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The deployment of Patriot missiles to Turkey in response to the ongoing Syrian civil war makes sense strategically and underscores NATO's relevance. However, they also hamper Turkey's role to seek accommodation with her neighbours.
The rapid political consensus that engineered the deployment of NATO Patriot missile batteries to Turkey exemplifies a unified alliance. The Netherlands, Germany and the United States have each agreed to supply two ground-to-air missile batteries, which Turkey requested after numerous cross-border shelling from Syria, including an attack in October 2012 that killed five civilians. The United States last month also expressed concerns that there were signs President Bashar al-Assad could be preparing to use chemical payloads against the rebels. Syria is reported to have a varied arsenal of rocket and short-range missiles - including the Soviet-built SS-21 Scarabs and Scud-B missiles, capable of carrying chemical payloads.
The Patriot missiles are scheduled to become operational and fully capable by early February, but their presence along the Turkey-Syria border highlights fears that Syria's civil war could further embroil other nations in the region.
The Patriot system is a medium-range capability, which ironically is not configured to protect against artillery shells but is designed for more advanced threats from warplanes, ballistic missiles and UAVs. Typically, a Patriot battery includes both the older PAC-2 variant, a proximity fusing missile which explodes close to an incoming missile and the PAC-3, which intercepts and destroys missiles by impacting them directly with kinetic energy ('Hit-to-Kill'). The Netherlands, Germany and US are the only NATO countries with the most modern type of Patriots (PAC-3) and each had to approve separately its own commitment prior to deployment.
The US batteries, along with 400 troops to operate them, will be based at Gaziantep, 50 km north of the border. The German battery, accompanied by 400 troops also, will be based at Kahramanmaras, around 100 Km north of the border and the Dutch (with 360 troops) will be based at Adana, also around 100 Km west of the border. Whilst NATO is in overall charge of the system, Turkey will be integrated into the chain of command at all levels: from the batteries themselves to Command and Control in Ramstein, Germany.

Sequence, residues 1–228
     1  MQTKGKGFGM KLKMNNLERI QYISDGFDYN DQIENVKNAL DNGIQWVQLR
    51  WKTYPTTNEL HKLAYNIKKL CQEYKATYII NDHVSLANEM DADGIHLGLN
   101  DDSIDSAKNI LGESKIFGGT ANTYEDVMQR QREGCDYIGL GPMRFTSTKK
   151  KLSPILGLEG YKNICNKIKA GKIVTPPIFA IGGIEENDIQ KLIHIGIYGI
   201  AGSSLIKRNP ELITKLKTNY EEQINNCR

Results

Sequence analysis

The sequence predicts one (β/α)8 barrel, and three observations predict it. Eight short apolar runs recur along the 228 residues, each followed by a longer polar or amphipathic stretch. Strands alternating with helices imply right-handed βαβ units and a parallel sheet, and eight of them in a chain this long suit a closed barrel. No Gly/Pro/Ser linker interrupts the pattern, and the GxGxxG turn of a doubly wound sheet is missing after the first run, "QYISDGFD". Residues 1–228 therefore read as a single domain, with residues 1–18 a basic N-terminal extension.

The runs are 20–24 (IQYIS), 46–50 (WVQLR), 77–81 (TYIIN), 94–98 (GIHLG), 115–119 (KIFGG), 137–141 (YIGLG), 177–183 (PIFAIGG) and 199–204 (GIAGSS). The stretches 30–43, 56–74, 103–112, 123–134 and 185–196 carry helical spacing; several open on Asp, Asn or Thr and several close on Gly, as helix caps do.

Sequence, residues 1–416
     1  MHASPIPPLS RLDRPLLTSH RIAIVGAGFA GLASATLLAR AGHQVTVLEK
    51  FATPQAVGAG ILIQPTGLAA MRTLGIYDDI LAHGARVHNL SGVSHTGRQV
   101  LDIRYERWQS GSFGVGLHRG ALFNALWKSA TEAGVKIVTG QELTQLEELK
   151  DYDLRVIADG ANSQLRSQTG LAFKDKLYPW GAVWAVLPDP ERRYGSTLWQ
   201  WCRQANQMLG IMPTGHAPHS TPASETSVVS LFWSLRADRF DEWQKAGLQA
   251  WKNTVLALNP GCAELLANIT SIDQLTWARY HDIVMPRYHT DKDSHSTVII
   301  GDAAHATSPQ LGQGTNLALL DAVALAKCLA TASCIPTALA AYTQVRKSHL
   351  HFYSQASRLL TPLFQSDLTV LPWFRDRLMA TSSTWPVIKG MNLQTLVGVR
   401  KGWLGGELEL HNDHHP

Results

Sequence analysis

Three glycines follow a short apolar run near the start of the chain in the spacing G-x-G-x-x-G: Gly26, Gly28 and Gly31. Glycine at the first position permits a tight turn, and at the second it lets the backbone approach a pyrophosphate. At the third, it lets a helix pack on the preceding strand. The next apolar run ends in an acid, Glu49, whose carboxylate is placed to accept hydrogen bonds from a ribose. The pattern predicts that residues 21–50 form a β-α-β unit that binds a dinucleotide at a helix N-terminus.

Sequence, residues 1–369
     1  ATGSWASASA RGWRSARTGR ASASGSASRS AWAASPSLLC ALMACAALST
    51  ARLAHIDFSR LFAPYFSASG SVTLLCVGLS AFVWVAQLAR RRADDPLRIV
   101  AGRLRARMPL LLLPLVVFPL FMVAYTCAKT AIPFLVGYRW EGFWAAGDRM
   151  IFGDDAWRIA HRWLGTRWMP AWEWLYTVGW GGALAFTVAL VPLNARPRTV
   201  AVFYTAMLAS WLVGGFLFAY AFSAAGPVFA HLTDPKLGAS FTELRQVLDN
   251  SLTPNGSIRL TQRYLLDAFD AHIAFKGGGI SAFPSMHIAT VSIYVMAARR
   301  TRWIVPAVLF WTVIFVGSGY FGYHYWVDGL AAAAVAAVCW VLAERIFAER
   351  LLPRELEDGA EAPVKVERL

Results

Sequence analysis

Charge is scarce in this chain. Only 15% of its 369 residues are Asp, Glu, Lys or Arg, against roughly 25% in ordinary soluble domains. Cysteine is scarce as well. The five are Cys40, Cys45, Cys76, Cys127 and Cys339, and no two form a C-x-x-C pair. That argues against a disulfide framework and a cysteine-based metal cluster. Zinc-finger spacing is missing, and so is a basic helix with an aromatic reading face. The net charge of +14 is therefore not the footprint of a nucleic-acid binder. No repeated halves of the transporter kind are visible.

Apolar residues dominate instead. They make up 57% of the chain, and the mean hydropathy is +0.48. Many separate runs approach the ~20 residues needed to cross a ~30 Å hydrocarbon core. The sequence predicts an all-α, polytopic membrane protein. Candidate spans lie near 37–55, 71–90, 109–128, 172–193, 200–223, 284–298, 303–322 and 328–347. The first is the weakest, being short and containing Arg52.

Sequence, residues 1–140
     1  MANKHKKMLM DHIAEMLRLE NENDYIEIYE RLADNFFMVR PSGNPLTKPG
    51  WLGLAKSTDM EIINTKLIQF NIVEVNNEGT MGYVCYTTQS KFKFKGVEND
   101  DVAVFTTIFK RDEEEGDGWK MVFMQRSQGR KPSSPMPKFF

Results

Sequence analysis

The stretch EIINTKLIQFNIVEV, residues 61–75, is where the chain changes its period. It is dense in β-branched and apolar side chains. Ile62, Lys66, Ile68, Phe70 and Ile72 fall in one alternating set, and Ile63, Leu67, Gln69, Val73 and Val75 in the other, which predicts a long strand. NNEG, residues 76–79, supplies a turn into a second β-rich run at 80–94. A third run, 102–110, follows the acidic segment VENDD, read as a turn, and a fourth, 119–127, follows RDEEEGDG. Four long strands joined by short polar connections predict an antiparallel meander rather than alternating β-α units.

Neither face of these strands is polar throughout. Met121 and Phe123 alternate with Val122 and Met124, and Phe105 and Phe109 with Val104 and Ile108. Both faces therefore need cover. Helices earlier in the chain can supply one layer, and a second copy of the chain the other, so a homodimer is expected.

NATO have asserted that the deployment is defensive in nature, acting as a reassurance capability within Turkey's borders and it presently cannot be transitioned to enforce a No-Fly Zone. The radar range (150+km) of the Patriots suggests that potential targets and missile movements within Syria can be monitored, with the US battery in Gaziantep covering the region around the critical city of Aleppo.
Financial and Strategic Rationale
Their utilisation will provide succour and cover for the Syrian rebels, with the porous border an obvious and critical transit point for weapons being smuggled over to aid in the overthrow of the Assad regime. Their flexibility is a boon should the rules of engagement change and if a more aggressive posture is required.
In the US, the PAC-3 is highly regarded and the Pentagon recently awarded Lockheed Martin a $755 million firm-fixed-price contract to provide for their procurement, including support for Foreign Military Sales, and related services. The US government currently clears Germany, the Netherlands, Japan, Taiwan and the United Arab Emirates for Patriot sales. The Turkish deployment has the added benefit of showcasing and justifying these capabilities during a period of shrinking defence budgets.
The current deployment will either delay Turkey's decision to augment its air defences under the $4 billion Turkish Long Range Air and Missile Defense System (T-LORAMIDS) competition or give the combined Lockheed Martin-Raytheon Patriot bid significant momentum over the French-owned Eurosam with its SAMP/T Aster 30; the Russian S-300 system by Russia's Rosoboronexport; and the HQ-9 proposed by the China Precision Machinery Import and Export Corporation.